1. Pollitzer R, Swaroop S, Burrows W. Cholera. Monogr Ser World Health Organ 1959;58:1001--19.
  2. Guerra F. American and Filipino epidemiology, 1492--1898. Madrid, Spain: Ministry of Health and Consumption; 1999.
  3. Bordes A. Vol. 2. Médecine et santé publique sous l'occupation Américaine, 1915--1934. In: Évolution des sciences de la santé et de l'hygiène publique en Haïti. Port-au-Prince, Haiti: Centre d'Hygiène Familiale. Imprimerie Deschamps; 1979.
  4. World Health Organization. Cholera, 2009. Wkly Epidemiol Rec 2010;85:293--308.
  5. Wachsmuth IK, Blake PA, Olsvik O, eds. Vibrio cholerae and cholera: molecular to global perspectives. Washington, DC: ASM Press; 1994:293--5.
  6. World Health Organization and UNICEF. Progress on sanitation and drinking water: 2010 update. Geneva, Switzerland: WHO Press; 2010. Available at Accessed November 16, 2010.
  7. Swerdlow DL, Ries AA. Cholera in the Americas: guidelines for the clinician. JAMA 1992;267:1495--9.
  8. United Nations Office for the Coordination of Humanitarian Affairs, Haiti. Situation report no. 7. October 28, 2010. Available at$file/full_report.pdf. Accessed November 16, 2010.
  9. CDC. Traveler's health. Outbreak notice: cholera in Haiti. Atlanta, GA: US Department of Health and Human Services, CDC; 2010. Available at Accessed November 16, 2010.
  10. Finelli L, Swerdlow D, Mertz K, Ragazzoni H, Spitalny K. Outbreak of cholera associated with crab brought from an area with epidemic disease. J Infect Dis 1992;166:1433--5.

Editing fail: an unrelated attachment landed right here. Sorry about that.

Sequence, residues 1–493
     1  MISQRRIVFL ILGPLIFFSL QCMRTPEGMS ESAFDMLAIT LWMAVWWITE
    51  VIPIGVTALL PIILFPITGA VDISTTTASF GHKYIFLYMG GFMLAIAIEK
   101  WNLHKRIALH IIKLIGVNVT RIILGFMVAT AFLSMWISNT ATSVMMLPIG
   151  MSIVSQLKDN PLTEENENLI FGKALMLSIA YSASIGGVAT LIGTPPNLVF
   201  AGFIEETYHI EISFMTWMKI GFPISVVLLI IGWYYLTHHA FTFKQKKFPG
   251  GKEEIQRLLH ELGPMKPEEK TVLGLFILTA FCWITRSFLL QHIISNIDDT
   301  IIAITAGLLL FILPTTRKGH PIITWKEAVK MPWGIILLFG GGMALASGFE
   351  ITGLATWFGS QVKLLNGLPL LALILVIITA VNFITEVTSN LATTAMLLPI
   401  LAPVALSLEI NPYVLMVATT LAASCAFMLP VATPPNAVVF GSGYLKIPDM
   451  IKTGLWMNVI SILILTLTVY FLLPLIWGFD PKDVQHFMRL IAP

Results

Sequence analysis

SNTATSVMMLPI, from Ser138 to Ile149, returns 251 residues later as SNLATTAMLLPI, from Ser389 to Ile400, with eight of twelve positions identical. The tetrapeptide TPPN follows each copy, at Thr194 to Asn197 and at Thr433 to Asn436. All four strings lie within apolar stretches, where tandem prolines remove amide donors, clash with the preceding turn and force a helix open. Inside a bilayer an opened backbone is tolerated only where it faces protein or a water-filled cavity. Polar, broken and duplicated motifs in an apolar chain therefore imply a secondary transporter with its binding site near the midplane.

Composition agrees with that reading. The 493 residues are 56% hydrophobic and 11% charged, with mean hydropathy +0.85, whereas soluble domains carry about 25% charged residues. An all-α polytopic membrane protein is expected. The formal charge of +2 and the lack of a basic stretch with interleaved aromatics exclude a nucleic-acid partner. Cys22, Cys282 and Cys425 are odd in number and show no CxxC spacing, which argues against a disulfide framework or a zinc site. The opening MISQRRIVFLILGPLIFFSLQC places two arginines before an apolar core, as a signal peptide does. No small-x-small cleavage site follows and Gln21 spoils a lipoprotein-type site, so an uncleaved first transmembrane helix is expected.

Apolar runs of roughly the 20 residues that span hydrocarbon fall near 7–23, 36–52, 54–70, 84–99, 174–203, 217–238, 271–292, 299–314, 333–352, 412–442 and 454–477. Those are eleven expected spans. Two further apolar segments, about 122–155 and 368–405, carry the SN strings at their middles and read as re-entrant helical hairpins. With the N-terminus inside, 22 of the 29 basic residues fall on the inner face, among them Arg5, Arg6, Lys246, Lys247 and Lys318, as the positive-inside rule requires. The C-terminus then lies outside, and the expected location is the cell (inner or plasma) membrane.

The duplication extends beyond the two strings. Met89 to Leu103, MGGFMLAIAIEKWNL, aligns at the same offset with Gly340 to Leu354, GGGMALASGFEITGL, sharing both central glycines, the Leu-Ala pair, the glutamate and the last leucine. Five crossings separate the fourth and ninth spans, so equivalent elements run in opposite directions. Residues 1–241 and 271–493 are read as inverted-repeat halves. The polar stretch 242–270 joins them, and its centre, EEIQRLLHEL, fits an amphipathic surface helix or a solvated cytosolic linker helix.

* Information available at,, and

Additional information available at

§ Additional information available at

Defined as a piped household water connection located inside the user's dwelling, plot, or yard; public taps or standpipes; tube wells or boreholes; protected dug wells; protected springs; or rainwater collection.

What is already known on this topic?

A cholera outbreak has not been reported from Haiti in more than a century.

What is added by this report?

In October 2010, an outbreak of Vibrio cholerae serogroup O1, serotype Ogawa, biotype El Tor, was reported from Haiti; as of November 13, the Haitian Ministry of Public Health and Population had reported 16,111 hospitalized cases of acute watery diarrhea and 992 cholera deaths, 620 of which occurred among hospitalized patients. Laboratory data suggest that V. cholerae was likely introduced into Haiti in one event and that the strain is indistinguishable by all methods used from strains circulating in countries in South Asia and elsewhere.